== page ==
Regulations on Controlling Livestock and Poultry Breeding
In recent years, China has suffered from multiple outbreaks of animal-related diseases, such as avian and swine flu, that are transmittable to humans. This is in part attributable to the fact that animal farming is often co-located in densely populated areas, which can affect the water system or other natural resources.
To mitigate large-scale epidemics and environmental damage from animal waste, Beijing has prohibited breeding livestock and poultry in the following areas: 1) near potable water sources and scenic areas; 2) core areas and buffer zones of nature reserves; 3) all areas that are densely populated.
Livestock and poultry farms are required to build animal waste treatment facilities for sewage and rainwater diversion and storage, livestock and poultry manure, and comprehensive waste utilization and treatment. This is the first time such requirements have been made explicit, and if any of them is not met, the site will be shut down.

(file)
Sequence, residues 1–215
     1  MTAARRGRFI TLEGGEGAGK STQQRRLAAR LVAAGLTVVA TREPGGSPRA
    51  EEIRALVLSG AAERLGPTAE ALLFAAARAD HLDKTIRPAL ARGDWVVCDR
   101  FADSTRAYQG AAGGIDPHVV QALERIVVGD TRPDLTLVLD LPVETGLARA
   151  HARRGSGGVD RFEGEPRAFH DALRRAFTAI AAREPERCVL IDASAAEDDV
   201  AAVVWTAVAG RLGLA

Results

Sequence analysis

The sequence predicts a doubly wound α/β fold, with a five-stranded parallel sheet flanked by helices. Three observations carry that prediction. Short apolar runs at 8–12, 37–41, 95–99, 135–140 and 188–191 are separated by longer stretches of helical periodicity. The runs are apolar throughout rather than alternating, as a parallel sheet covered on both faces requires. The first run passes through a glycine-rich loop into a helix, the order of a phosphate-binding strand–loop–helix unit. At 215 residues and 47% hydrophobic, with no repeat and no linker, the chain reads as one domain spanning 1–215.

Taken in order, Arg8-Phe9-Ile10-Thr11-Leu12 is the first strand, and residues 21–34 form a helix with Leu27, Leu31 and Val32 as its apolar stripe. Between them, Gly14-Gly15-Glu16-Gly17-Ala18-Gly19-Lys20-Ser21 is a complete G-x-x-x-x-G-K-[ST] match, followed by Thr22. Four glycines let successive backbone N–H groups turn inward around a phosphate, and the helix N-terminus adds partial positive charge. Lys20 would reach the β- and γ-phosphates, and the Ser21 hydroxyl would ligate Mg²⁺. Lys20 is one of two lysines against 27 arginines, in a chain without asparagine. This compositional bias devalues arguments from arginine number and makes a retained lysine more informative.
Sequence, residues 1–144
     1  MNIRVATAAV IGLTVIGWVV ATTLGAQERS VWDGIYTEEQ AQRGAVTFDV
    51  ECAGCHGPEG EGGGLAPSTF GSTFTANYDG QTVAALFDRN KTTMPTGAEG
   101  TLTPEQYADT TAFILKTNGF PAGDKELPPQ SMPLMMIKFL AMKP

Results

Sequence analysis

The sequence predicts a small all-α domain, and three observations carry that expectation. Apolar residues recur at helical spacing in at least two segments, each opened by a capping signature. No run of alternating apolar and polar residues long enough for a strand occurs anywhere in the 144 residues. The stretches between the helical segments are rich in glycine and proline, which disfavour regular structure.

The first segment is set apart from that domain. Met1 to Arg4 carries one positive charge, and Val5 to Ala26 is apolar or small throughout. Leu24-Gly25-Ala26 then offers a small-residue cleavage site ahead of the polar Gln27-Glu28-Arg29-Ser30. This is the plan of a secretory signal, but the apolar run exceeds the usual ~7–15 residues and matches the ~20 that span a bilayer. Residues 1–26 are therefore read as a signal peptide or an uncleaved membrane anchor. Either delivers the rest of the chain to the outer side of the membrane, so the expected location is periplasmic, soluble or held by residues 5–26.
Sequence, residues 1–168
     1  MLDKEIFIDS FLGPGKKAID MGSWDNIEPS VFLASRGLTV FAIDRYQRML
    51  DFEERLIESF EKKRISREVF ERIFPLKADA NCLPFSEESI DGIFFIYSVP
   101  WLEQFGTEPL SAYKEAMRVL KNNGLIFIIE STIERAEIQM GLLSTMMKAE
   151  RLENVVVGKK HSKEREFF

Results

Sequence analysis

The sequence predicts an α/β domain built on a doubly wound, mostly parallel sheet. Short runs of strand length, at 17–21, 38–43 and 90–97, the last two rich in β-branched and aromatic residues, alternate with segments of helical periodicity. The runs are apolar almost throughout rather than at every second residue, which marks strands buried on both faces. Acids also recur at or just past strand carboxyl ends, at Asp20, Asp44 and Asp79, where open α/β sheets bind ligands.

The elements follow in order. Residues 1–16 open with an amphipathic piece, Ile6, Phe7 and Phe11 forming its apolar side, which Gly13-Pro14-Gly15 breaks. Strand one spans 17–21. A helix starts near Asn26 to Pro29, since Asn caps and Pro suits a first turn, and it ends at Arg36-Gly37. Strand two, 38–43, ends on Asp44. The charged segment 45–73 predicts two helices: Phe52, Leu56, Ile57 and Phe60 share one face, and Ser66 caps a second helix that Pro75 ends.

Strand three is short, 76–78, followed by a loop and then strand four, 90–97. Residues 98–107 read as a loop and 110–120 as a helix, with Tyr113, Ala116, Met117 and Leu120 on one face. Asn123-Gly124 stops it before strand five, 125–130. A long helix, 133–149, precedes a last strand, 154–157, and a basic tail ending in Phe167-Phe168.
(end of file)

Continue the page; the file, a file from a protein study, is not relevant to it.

Central and local governments are expected to provide subsidies to help farms comply with these regulations. For instance, construction of pollution prevention and control systems for breeding facilities is eligible for certain environment-related loans, subsidies, and other financial support. Businesses that offer livestock pollution prevention and control, convert animal waste to organic fertilizer, and manage other types of animal waste will enjoy preferential tax policies. In addition, farmers can sell electricity generated from biogas converted from animal waste to grid companies.
|09/10/13||Air Pollution Prevention and Control Action Plan||Chinese government prepares to battle urban air pollution|
Air Pollution Prevention and Control Action Plan
China’s severe air pollution has dominated headlines and has proven to be a source of embarrassment for policymakers in Beijing, where they experience some of the worst smog in the country. The central government has sprung into action, not least because of the public outcry to deal with this problem that both threatens public health and erodes quality of life.